Preparing for the worst: Emergency responders remain flexible, work together

Thursday, August 23, 2012

MARK NEWMAN  |  Courier Staff Writer

OTTUMWA — Emergency professionals in Wapello County agree they can’t train for every possible incident, yet there are steps they can take to make their response as quick and effective as possible.

“You can’t say, ‘This is exactly how it’s going to happen,’” said Josh Stevens, emergency management coordinator for Wapello County, in response to the deadly shooting attack at a Colorado movie theater.

Officials agreed it would be hard to predict a man in body armor entering a dark movie theater and starting to shoot innocent people.

But there are some things that are needed in almost every response to a large-scale emergency.

“We can say, ‘This is how we’re going to communicate. This is how we’ll get [neighboring] resources, here are 50 different ways to warn the public.’ You don’t want to be figuring that out during a disaster,” he said.

Ottumwa Fire Chief Tony Miller said in the biggest emergencies, no matter what they are, cooperation between responding agencies is essential.

Stevens said like a lot of the nation, Wapello County uses the Incident Command System. Staff there are tasked with getting the personnel in the field whatever they need. They’ve trained in how to do that if the phones are down, the power is out or the roads are impassable.

“There are a lot of resources out there for us to use,” Stevens said, and practicing for the worst-case scenario means they’ll be able to get those resources in stressful conditions.

Each agency may cover a different task.

“We do training on triage,” said Miller.

If 70 citizens were wounded, the Ottumwa Fire Department can perform first aid on the injured and separate the least-critically wounded from the most and from the deceased. Instead of ambulance drivers out giving first aid or trying to determine who needs to go to the hospital the most, OFD triage allows ambulances to begin transporting the right patients right away.

By law, he said, the OFD is not allowed to transport injured people. This means if countywide, only four ambulances were available to move 70 people, Stevens or the hospital may need to request ambulances from other agencies.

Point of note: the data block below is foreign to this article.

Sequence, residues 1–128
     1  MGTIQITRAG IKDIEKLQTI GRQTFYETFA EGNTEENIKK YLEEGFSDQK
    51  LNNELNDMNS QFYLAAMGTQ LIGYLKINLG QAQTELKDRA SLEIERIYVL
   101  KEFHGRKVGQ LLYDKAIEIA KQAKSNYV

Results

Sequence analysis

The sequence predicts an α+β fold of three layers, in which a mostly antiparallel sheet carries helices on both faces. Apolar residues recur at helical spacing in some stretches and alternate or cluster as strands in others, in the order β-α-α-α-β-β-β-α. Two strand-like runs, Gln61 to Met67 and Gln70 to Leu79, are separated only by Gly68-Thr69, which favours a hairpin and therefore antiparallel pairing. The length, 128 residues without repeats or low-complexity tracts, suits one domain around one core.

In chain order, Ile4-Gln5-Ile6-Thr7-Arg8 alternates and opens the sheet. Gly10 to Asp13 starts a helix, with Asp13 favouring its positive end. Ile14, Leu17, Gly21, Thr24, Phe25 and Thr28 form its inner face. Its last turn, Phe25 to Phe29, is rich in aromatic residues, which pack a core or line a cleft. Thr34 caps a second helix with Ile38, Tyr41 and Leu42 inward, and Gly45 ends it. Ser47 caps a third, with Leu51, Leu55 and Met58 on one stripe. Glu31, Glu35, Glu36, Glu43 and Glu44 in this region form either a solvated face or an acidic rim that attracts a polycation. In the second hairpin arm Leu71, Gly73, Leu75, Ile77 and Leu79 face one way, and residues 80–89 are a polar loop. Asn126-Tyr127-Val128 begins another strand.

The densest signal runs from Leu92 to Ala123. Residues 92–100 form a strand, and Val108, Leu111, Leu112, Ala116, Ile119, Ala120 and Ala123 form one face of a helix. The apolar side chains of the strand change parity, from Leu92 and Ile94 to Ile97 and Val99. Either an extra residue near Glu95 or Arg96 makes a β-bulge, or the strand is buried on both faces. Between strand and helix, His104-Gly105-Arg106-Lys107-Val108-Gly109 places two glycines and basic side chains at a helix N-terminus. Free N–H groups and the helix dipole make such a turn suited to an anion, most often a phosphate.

“We work well together, the regional Emergency Management coordinators. And we are required to develop our emergency plans together,” he said.

If there was a shooting at a public place, stopping the shooter could be the first priority. Lt. Mickey Hucks is the emergency response team commander for the Ottumwa Police Department. He said he was hesitant to share specific training techniques or strategies used in tactical situations.

“But how can you prepare for something like this [exact Colorado incident]? You can’t, but we do plan for the worst.”

The Ottumwa Police Department does not have a SWAT team sitting around the office waiting exclusively for reports of gunshots. But the OPD has emergency response team-trained officers spread out through the shifts.

In the case of “an active shooter” situation, “they would take the lead,” Hucks said.

But it’s not just the team that trains for active shooter situations, he added, it’s the whole department. Because modern firearms allow a gunman to shoot so many people in such a short period, Hucks said response time is critical.

That need to react quickly is also one of the reasons law enforcement officers expect each other to carry their sidearm at all times.

There may not be a way to completely stop random acts of violence, he said, but there could be a technique to reduce damage, or perhaps some red flags could be identified to allow a proactive response before an incident. But people do have to live their lives without worry of a random shooting keeping them locked up at home, Hucks said.

“We [in the law enforcement community] will worry about those things. We just keep training, and we adapt. As this situation [is examined], we’ll learn from it,” said Hucks. “Departments all across the country will learn from this.”
 

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